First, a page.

Nortel Networks said Tuesday that it has developed new optical networking gear that can quadruple the capacity on telecommunications networks.
The new technology is designed to help network operators deal with bandwidth-gobbling applications like high-definition Internet video.
Nortel, the largest supplier of telephony gear in North America, plans to announce Wednesday that it has developed gear that can shuttle traffic across the Internet backbone at speeds of 40 gigabits per second, according to news wire service Reuters.
Nortel says the technology has the ability to provide a tenfold increase in network speeds, giving operators the ability to transfer data at 100Gbps. Denmark's TDC and the U.K.'s Neos Networks will be named as Nortel's first customers, Reuters said. Trials with other carriers around the world are currently ongoing.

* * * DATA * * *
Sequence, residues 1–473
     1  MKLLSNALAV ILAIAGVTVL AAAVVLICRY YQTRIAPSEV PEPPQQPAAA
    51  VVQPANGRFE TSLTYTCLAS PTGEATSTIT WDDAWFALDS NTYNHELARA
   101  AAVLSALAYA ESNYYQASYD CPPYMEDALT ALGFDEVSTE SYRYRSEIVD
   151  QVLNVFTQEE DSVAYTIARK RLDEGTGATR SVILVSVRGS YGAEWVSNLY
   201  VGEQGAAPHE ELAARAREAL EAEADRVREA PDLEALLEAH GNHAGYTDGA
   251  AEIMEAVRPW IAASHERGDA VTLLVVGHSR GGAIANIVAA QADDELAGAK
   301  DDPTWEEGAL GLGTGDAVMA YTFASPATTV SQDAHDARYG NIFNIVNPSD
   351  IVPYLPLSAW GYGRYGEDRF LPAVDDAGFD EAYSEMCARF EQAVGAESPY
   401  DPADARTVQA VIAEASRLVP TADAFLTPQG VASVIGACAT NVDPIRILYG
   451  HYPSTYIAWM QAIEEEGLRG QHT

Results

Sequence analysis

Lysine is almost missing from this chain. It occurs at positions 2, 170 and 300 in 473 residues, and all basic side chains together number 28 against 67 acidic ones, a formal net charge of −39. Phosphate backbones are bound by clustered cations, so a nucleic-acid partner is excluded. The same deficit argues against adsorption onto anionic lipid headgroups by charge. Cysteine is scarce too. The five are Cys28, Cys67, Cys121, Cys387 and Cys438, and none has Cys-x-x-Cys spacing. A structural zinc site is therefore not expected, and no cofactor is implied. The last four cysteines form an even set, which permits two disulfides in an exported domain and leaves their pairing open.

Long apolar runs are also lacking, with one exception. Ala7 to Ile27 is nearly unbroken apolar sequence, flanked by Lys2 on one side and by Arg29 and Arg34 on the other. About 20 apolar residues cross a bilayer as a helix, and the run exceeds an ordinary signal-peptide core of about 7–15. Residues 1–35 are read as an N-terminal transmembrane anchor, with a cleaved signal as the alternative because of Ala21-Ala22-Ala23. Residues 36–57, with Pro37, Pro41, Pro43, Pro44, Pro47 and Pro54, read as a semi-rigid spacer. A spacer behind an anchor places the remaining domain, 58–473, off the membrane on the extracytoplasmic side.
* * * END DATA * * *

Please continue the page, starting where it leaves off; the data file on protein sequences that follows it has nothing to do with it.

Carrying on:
Many carriers throughout the world are likely looking to upgrade their networks as customers use the Internet to access more bandwidth-intensive applications, like high-definition video. Today's high-capacity networks support speeds of 10Gbps, which is enough bandwidth to transfer about 1,000 high-definition television channels simultaneously.
A new upgrade cycle for faster-speed optical networking gear couldn't come too soon for Nortel. The company has been struggling to regain its footing after it was shaken by scandal and poor financial performance over the last few years. The company recently announced poor financial results and said it would cut 2,100 jobs, mostly in North America. It also has plans to move another 1,000 jobs to lower-cost locations such as China and India.